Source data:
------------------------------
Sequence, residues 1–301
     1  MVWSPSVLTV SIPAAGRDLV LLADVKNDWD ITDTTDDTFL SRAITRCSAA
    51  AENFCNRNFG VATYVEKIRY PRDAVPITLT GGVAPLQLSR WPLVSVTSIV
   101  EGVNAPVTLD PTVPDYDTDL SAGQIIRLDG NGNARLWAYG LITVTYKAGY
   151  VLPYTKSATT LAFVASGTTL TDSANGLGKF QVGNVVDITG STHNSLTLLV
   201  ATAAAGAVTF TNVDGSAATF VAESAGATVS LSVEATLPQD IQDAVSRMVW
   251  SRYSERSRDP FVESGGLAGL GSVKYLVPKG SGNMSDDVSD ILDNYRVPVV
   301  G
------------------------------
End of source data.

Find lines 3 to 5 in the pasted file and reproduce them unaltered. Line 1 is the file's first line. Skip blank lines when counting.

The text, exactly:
    51  AENFCNRNFG VATYVEKIRY PRDAVPITLT GGVAPLQLSR WPLVSVTSIV
   101  EGVNAPVTLD PTVPDYDTDL SAGQIIRLDG NGNARLWAYG LITVTYKAGY
   151  VLPYTKSATT LAFVASGTTL TDSANGLGKF QVGNVVDITG STHNSLTLLV